This chapter has examined the different rationales that were offered to legitimize female genital surgeries or alterations. These procedures, which began in the early 19th century, were rooted in the great terror associated with masturbation. The sustained effort for more than 100 years to control the bodies of women and children gave rise to a vast array of devices and techniques to surgically alter their genitalia. In retrospect, the therapeutic rationales offered since the early 1800s are clearly specious. Given the World Health Organization's definition of female genital mutilation ("all procedures that involve partial or total removal of female external genitalia and/or injury to the female genital organs for cultural or any other nontherapeutic reasons"), then the conclusion that the Western history of female genital surgery should be considered genital mutilation is compelling. More troubling is the realization that the procedures now conducted in the name of elective genital enhancements in Western countries are no less a form of mutilation. Thus, genital mutilation is not a practice peculiar to far-away developing countries.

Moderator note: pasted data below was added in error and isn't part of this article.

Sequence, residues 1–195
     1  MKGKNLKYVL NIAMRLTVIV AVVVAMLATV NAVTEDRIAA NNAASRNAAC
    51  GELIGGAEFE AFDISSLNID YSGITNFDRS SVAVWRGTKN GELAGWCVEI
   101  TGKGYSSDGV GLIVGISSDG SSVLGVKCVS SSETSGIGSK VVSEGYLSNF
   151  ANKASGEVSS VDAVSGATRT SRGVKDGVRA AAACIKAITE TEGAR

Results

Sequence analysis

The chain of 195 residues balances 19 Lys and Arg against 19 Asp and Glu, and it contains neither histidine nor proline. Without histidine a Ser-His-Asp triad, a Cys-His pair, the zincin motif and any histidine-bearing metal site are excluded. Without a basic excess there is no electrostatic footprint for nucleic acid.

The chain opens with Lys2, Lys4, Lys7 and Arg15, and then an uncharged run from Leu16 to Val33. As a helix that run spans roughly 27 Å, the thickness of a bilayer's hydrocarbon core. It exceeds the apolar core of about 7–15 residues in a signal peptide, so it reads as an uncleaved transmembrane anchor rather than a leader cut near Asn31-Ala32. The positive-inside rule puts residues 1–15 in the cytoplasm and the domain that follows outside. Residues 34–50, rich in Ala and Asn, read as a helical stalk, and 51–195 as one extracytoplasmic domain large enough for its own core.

Was this article helpful?
The term vaginitis is one that is applied to any inflammation or infection of the vagina, and there are many different conditions that are categorized together under this ‘broad’ heading, including bacterial vaginosis, trichomoniasis and non-infectious vaginitis.